Synopsis: An „explorer, an ambassador, a missionary“ has been sleeping for thousands of years in its capsule crash landed in Antarctica. When a scientific team found it, it woke up and assimilated them, without understanding the human nature, because life on Earth is completely alien to it.
Sooner or later it found out that human‘s work differently, not with a decentralized network like itself, but with a central brain. This is formulated in the following passage, one of the funniest, most revolting, and genius passages I‘ve ever found about alien thinking:
That was how it worked. That was how these empty skins moved of their own volition, why I’d found no other network to integrate. There it was: not distributed throughout the body but balled up into itself, dark and dense and encysted. I had found the ghost in these machines.
I felt sick.
I shared my flesh with thinking cancer.
The story continues with the long battle of the humans against the alien.
Review: John Carpenter‘s first contact horror film is a classic and one of the best SF films ever. It’s based on John Campbell‘s 1938 novella „Who goes there?“.
You can read Watt‘s adaption as a standalone story without having seen or read its predecessors, but you‘ll be probably confused just like the alien after a while by the dropped references.
It doesn’t hurt to read the Wikipedia summary, because Watt has written this piece as a fan of the film and probably expected everyone to have seen the film.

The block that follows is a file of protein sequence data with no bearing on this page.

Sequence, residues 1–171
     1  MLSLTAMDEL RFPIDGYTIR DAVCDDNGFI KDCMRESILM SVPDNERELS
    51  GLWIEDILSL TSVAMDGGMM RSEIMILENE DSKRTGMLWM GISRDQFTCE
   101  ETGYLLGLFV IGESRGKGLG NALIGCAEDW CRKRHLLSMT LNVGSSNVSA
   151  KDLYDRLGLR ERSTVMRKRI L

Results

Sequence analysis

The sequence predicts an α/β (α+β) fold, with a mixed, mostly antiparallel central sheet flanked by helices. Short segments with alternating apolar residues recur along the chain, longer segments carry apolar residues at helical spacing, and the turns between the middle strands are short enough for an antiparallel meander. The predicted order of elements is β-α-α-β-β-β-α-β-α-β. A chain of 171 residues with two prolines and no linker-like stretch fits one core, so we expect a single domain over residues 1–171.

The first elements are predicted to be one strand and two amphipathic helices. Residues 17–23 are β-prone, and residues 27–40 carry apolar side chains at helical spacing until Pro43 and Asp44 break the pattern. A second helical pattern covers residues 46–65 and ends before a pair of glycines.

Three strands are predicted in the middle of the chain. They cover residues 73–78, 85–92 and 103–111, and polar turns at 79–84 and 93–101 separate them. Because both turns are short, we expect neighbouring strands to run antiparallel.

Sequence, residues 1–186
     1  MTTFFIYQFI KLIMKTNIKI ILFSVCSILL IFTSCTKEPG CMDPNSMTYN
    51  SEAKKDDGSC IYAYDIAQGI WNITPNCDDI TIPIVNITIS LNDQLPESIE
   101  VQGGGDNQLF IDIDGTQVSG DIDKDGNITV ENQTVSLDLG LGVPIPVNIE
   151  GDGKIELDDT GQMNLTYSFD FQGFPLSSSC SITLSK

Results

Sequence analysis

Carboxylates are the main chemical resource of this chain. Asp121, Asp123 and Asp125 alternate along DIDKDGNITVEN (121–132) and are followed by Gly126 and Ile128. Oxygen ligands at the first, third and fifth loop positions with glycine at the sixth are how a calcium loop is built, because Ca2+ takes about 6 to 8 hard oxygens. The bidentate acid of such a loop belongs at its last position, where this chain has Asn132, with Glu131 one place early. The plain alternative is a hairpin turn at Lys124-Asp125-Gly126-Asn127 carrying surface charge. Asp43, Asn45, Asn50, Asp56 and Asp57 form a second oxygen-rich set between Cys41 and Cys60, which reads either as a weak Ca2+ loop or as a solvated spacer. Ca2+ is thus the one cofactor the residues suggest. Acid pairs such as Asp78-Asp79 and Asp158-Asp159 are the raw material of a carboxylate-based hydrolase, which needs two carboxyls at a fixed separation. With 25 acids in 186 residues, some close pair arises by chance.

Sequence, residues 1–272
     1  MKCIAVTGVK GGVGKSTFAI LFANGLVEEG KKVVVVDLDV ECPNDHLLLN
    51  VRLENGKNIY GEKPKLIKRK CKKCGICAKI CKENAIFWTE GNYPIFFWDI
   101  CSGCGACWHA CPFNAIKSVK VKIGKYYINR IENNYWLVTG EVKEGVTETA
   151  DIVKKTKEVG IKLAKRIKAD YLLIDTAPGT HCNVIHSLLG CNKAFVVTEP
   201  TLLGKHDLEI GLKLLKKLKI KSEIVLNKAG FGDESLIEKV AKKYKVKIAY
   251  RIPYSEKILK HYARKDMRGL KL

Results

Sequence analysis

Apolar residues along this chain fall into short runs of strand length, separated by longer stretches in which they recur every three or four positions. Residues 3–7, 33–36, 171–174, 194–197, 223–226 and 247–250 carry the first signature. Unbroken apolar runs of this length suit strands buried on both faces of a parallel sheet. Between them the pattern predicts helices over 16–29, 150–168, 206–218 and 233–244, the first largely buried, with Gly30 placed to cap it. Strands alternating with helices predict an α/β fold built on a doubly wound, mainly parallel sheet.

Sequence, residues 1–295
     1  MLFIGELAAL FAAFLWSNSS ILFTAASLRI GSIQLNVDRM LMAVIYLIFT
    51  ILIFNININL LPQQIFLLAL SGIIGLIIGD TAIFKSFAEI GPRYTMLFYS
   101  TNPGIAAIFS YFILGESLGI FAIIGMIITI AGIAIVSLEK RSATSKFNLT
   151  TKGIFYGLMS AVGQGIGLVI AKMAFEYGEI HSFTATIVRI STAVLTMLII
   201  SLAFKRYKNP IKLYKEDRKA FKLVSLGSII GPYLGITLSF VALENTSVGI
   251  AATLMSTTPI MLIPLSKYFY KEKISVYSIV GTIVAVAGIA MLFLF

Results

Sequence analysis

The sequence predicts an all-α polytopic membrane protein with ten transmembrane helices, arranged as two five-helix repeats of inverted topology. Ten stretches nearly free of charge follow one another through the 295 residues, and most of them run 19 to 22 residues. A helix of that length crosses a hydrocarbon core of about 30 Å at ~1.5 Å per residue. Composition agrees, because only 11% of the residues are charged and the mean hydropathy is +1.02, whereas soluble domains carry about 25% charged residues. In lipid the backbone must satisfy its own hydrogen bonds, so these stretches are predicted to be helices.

The 2011 award season placed the story multiple times on second placed, showing that it‘s been well received. I just fear, that for newer generations, the film and story is not well known.
There are numerous treaties telling us that any intelligent alien would just look like us that contradicting these takes a great deal of setting and characterization.
The alien‘s characterization is a masterpiece of translating a completely different notion of how biological entities work to our way of self-awareness.
The plot itself is subordinate to the alien‘s first person narration. It’s a joy for nerds loving the film and getting the plot holes filled by this story. They alone are worth a praise, but will be meaningless for many readers.
Five stars already for several sections like the citation above. It’s a good thing that Watts didn’t produce a horror story like the film, but drew a different perspective – a loving, caring alien which just doesn’t grog the humans hostility.
Recommended for readers who like to know a real outlandish alien. And for lovers of the film.